20 Jan 2022

How to make mushroom tea

Written by admin
Cultures around the world have been using teas made with medicinal mushrooms to help support their wellbeing for thousands of years. It’s easy to do at home, too! Discover how to make mushroom tea from a variety of medicinal mushrooms such as lion’s mane, reishi, cordcyeps and chaga.

Ötzi the ice man

Thirty years ago, a German tourist named Helmut Simon was hiking in the Tirolean Ötztal Alps, between Italy and Austria. Taking in the gorgeous scenery, he was totally unaware that the accidental discovery he was about to make would change anthropological science forever.

Coming to a rocky hollow, Helmut stumbled upon the mummified remains of a human body. Scientists would later discover that the strange, perfectly preserved figure dated back to 3300 BC. This makes ‘Ötzi’, as the body was nicknamed, over 5000 years old, and a denizen of the Copper Age.

Judging by the items found with Ötzi upon his discovery, he had led quite a life. 61 tattoos mark his body along joints and modern acupuncture points. During his lifetime, he appears to have suffered a broken nose and several broken ribs.

He carried a copper axe and a deerskin quiver, along with a supply of arrows. A lump of smouldering charcoal wrapped in maple leaves made it easy for him to start a fire quickly when he stopped to rest.

Scientists have a few theories about how Ötzi came to be in his final resting place. However the original researchers believed that he had been shot in the shoulder with an arrow and bled to death, simply remaining where he died until he was covered by ice flows.

Others suggest that he may have been deliberately buried there by his people as a kind of territorial marking.(1)(2)(3)


immunity mushroom blend

Ötzi and his mushrooms

Ötzi now resides in a special, carefully monitored cold chamber at the South Tyrol Museum of Archeology. He receives around 300,000 visitors per year, and is the regular subject of scientific study.

But why are we talking about Ötzi the iceman in an article about mushroom tea?

Well, as it turns out, Ötzi may well have been taking advantage of medicinal mushrooms himself, demonstrating just how long we have been using these fabulous fungi to nourish and heal ourselves.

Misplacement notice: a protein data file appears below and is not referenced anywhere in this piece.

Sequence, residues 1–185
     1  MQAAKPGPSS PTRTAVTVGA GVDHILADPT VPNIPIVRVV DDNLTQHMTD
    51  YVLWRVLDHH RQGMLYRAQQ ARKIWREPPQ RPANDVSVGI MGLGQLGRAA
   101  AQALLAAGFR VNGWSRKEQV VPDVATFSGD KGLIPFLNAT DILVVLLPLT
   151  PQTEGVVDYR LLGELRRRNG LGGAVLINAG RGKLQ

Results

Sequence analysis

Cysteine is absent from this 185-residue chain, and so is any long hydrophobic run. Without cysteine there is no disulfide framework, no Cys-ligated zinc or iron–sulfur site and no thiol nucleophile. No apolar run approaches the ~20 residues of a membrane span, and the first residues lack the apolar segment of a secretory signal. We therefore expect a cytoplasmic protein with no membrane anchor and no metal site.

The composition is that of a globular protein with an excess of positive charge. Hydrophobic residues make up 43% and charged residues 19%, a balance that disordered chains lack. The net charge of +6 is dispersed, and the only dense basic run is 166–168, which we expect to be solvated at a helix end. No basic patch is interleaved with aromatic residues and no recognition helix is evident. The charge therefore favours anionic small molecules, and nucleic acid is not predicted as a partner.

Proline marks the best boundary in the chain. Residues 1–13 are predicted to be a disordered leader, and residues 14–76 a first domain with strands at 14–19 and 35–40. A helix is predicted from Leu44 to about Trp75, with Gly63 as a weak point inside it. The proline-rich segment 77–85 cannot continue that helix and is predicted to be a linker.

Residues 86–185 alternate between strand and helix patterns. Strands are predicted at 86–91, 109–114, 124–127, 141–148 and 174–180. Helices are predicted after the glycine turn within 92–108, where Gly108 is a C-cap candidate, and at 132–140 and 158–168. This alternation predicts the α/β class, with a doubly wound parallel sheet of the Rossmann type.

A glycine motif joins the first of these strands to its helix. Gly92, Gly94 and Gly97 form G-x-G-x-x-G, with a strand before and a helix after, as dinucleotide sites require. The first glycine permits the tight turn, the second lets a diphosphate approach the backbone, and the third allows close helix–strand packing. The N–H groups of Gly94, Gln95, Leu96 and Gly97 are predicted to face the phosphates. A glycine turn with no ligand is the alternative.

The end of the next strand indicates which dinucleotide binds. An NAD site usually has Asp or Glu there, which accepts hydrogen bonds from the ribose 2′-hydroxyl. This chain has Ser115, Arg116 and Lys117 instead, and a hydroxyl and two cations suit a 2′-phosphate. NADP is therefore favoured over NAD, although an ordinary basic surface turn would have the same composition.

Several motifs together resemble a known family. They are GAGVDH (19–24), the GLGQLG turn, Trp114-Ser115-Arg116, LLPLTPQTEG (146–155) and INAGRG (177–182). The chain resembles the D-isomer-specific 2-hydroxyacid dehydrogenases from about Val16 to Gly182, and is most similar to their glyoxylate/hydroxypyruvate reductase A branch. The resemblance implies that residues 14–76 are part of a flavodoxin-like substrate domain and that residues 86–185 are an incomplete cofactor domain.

Among Ötzi’s possessions, researchers found a girdle bag containing Fomes fomentarius (‘true tinder bracket’ fungus) and two pieces of Piptoporus betulinus mushroom mounted on a leather thong.(4)

It looks like the ‘true tinder bracket’ fungus was used primarily as tinder, but may also have been useful as a wound compress.

However scientists believe that Ötzi was using Piptoporus betulinus medicinally. In more modern times, this fungus has a long history of this kind of use, from Russia to Great Britain. It has been described as having anti-fatigue, soothing and immune-enhancing effects.

Why was Ötzi carrying around Piptoporus betulinus? It appears that he may have been consuming it to treat an ailment.(4)

How we use mushroom tea today

Before the advent of modern science, mushroom teas were hugely popular in folk medicine.(4) People used them to treat a wide variety of ailments.

However, in the modern day, with the benefit of targeted medicines for specific diseases, mushroom tea has taken on a new role.

That is, we tend to drink it now as a way to help support our body’s natural health. Rather than using them as a treatment for illness, medicinal mushrooms are becoming more popular as a regular part of our wellness routine.

Throughout most of the period that humans have been drinking mushroom tea, we’ve been making it simply by steeping the mushroom in hot water.

However, we’ve also been experimenting with flavour combinations that bring out the best in the mushroom. Below, we have some great ideas for how to make your mushroom tea a little bit more special.


organic reishi mushroom

Benefits of drinking mushroom tea

Mushroom tea is a great addition to any wellness regimen. While Ötzi and his contemporaries may have had an inkling of the benefits of consuming medicinal mushrooms, now we know quite a bit more about how they work.